Yoga is the dance of bodymindspirit. We say meditation in movement. Each one of us finds our unique expression of this ancient art. Your pose may not look much like mine. Doesn’t matter –The point of practice lies deep within. It’s a journey of the soul, mind, and body. All equal participants.
This morning I heard stories of how the previously posted and popular piece on Matt Harding’s version of the Gratitude Dance had rocked it’s way around campus at the end of the semester, so I thought I’d look into what Matt is up to now. Turns out he’s made another gorgeous globe trotting vid, this time using local dancing styles. Not exactly Yoga. But it is Body. It is Heart. And Mind is there as well. Hope you enjoy the dance around the world. Hmmm, Maybe it’s time we found a sponsor to YOGA around the planet.
Or maybe you’d like to send in photos of your Yoga in unusual locales. We’d love to see them and will post as able. …Maybe another video in the works!
You don’t need to espouse Buddhism or Hinduism or any religion at all to practice yoga and meditation.
However, we can learn much from the Buddha’s life and the practices he developed and incorporate them as a means of deepening our own spiritual journey.
Here is the fascinating story of Siddhartha’s life from the BBC and Discovery channel, directed by Clive Maltby. I found it on You Tube via dharmicjourney. The story of the archeological finds which helped piece together the Buddha’s human life is interesting in its own right. Hold on for the second half of the film which explains the obstacles Buddha faced during meditation and how he dealt with them.
Before you begin the film, pour yourself a cup of tea and make yourself comfortable so you can settle in for nearly an hour. It’ll be worth your while.
Poetry can be used as a wonderful tool for your meditation. There is a layer of a good poem that is “off the page.” When I teach poetry, I ask my students to try to understand, not only the literal interpretation of a given poem, but also whatever levels they find off the page.
Often, we read this layer with our hearts and have a difficult time explaining that level of the poem to another person; we’ll say it’s hard to put into words or we’ll say “you know” a lot while nodding our heads. It’s the layer of the poem that speaks to us the loudest and with a universal message of what it means to be human. We know, and again it’s a nonverbal knowledge, that the other person understands, or maybe I should say FEELS what it is the poet is trying to convey.
When listening to or reading poetry, RELAX open your heart center, and invite your Self to become the poem. If that sounds too airy-fairy to you, just sit back and softly focus your awareness on each line of the poem.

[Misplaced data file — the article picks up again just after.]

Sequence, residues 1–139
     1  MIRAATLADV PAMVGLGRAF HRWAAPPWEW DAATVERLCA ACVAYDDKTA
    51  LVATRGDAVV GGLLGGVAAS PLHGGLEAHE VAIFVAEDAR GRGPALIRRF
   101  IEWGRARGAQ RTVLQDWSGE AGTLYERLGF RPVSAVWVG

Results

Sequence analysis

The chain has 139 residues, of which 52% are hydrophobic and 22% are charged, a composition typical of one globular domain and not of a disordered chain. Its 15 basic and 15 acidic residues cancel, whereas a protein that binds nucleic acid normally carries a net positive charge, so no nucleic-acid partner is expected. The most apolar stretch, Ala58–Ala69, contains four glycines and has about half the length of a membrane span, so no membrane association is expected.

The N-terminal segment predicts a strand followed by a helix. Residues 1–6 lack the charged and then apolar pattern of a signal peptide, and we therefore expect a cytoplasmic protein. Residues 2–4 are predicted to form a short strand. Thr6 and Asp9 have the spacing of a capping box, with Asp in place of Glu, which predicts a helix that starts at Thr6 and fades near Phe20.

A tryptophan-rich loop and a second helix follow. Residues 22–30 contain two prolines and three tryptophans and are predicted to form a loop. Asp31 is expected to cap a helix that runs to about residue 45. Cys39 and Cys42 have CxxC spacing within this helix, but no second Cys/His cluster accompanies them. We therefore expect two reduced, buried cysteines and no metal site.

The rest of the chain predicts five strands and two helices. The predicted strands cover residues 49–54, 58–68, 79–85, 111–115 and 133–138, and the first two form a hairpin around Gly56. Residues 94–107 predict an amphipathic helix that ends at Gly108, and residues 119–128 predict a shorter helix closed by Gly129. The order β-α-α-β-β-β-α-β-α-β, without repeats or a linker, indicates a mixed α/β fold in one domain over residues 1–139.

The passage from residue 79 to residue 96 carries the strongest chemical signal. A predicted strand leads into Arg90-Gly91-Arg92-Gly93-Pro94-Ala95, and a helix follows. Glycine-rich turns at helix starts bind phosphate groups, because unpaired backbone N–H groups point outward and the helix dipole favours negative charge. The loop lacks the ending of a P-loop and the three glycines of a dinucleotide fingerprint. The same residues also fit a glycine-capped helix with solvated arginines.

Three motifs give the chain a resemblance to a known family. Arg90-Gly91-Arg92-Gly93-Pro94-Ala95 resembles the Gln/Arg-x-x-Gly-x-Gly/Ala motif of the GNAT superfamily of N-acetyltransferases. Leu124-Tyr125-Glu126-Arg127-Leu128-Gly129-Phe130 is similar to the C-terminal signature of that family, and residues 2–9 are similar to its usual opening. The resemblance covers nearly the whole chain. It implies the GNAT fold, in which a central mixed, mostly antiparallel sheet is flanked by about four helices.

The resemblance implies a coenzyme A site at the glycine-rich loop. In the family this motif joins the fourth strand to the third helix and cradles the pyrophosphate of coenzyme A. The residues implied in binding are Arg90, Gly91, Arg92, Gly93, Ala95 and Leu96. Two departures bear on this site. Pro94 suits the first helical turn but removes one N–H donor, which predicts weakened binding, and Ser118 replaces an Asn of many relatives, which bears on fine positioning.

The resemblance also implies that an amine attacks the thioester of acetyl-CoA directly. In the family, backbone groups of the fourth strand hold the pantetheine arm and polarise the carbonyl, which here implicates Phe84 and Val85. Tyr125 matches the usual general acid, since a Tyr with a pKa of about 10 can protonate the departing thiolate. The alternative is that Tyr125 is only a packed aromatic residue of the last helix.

And if they don’t speak to you, don’t worry, I’ll post something completely different next week.
After you have “experienced” each video, you may wish to sit quietly with your eyes closed for a few minutes and let them reverberate in your heart and mind. As you do so, welcome whatever bubbles into your awareness consciously. Then let that thought go as you create room for whatever else may come before your mind. Do this as long as you feel comfortable.
If you’re inspired, by all means pick up your pen and paper, or head to your keyboard and let loose. Mevlana would be pleased with your efforts, I’m sure.
Alternative medicine often refers to the mind-body connection. But what does it really mean? How are our minds linked to our bodies? Is this even possible?
In this culture, we’re all taught a very powerful message that separates the mind from the body. The body is usually considered subordinate to the mind, as in “Mind Over Body.” The body is only worthwhile insofar as it is useful to make money, as int he case of athletes, or when it can be a tool to accomplish something, such as painting the house. Many other times, the body is considered a hindrance, when it becomes ill or injured. And on top of its other faults, it is the seat of sin, wittingly or not, carrying out our base desires.
The mind is not off the hook though, just because it may be “on top.” It can also become sick, “Worrying us to death,” for instance. The mind contains the seeds of all those wicked cravings, let’s not forget. And then there are those, well, you know, those delicious, though perhaps unsavory images that root about our gray matter when we least expect them.
Long ago, somewhere in India, some folks discovered another avenue for existence. It’s a path of union. Through their own experience, they found that the mind and body can be trained to work together. We call this journey, yoga.